, noting that the upper bound of any estimated age would be limited by the fact that hereditary English surnames did not exist prior to the eleventh century45
The hgA1-bearing male bears a locative surname, which we refer to here as R, deriving from an East Yorkshire village46
. Only 121 people carried this name in 1998 (http://www.spatial-literacy.org/uclnames
), and it still has a strong east Yorkshire focus. We recruited 18 apparently unrelated men carrying this name (or a close variant spelling, carried by 50 individuals) and typed a set of 11 binary markers and 17 Y-STRs15
, supplemented with the binary marker M31, allowing us to identify hgA1.
shows a median-joining network of 17-locus Y-STR haplotypes (see Supplementary information
) of Y chromosomes carried by 18 R-surnamed males. The chromosomes belong to three haplogroups, and include four clusters, indicating either multiple foundation or historical nonpaternity within the name. However, a total of seven of the males carry hgA1 chromosomes, belonging to three closely related Y-STR haplotypes, and, based on the rho statistic within Network, having a TMRCA of 440 ± 330 years.
As an empirical adjunct to TMRCA calculations, we undertook extensive genealogical research to ask if the seven R-surnamed males carrying hgA1 chromosomes could be connected into a single genealogy with a historically verifiable MRCA. This research resolved the males into two well-supported genealogies (), with MRCAs born in 1788 and 1789 respectively. However, although both of these ancestors were resident in Yorkshire, evidence could not be found for a familial relationship between them. Patterns of forename usage in the two genealogies are quite distinct, which argues against a very recent connection. We recruited 12 unrelated R-surnamed men from the USA, hoping that presence of hgA1 would indicate that the chromosome had been associated with the surname prior to emigration from Britain: however, none of these men carried a chromosome from this haplogroup (data not shown), so the approach was uninformative.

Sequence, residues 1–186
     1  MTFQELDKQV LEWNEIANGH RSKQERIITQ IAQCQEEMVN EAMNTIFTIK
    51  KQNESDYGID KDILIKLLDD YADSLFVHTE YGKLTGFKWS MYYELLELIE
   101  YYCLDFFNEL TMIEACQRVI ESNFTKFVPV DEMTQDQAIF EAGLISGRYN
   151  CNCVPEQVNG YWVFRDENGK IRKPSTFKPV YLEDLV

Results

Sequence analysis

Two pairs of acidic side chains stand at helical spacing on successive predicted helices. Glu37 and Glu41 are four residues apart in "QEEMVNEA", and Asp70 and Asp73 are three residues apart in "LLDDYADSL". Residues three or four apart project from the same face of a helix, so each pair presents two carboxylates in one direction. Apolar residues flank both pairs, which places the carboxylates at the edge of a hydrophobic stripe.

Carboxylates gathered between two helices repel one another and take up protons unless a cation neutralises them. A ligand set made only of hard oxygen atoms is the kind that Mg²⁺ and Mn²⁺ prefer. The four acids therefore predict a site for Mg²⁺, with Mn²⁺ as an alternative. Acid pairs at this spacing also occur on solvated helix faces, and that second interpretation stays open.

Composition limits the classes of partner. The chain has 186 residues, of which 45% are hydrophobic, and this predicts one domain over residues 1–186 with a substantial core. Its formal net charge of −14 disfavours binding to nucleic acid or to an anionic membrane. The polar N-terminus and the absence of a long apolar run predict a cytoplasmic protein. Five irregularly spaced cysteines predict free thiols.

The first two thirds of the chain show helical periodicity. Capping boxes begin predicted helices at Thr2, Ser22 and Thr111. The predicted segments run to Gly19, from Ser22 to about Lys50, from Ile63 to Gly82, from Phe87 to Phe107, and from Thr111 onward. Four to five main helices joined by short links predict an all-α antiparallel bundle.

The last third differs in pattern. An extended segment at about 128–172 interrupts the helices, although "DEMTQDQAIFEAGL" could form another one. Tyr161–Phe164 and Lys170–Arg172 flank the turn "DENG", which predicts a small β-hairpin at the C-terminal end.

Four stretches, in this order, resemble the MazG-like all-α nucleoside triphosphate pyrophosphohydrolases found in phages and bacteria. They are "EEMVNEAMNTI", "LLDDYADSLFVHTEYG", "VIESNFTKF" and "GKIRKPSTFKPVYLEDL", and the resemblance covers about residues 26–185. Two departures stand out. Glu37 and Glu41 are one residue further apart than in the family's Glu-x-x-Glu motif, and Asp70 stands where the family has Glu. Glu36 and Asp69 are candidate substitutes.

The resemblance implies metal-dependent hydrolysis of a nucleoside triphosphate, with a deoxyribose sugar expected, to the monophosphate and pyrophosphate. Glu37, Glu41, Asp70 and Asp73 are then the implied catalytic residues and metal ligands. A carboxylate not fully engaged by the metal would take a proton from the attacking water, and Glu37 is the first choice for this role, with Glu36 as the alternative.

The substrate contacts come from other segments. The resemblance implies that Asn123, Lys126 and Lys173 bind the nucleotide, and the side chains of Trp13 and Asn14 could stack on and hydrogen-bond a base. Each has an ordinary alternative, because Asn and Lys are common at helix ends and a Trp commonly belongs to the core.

Genealogical relationships and Y-STR haplotypes of hgA1 R-surnamed men
Finally, we exploited a new resource of multiple novel Y-STRs47
in an attempt to refine TMRCA for the two genealogies. We typed the hgA1 chromosomes with an additional 60 Y-STRs (see Materials and Methods), bringing the total to 77. Surprisingly, this analysis revealed only one new mutation – a single repeat decrease at Y-STR DYS537 in male GB1758 (). Applying the rho statistic within Network, as described above, to the 73-locus Y-STR haplotypes (excluding the bilocal DYS385a/b and YCAIIa/b; see Supplementary information
) in the two genealogical clusters yields a TMRCA of 140 ± 80 years, which, adding the average age of the living individuals (52 years), equates to a likely oldest date of 1734 for the coalescence of the two genealogies. The TMRCA range overlaps that obtained using 17 markers (see above), and suggests that only a small number of generations separates the two genealogies from their common ancestor.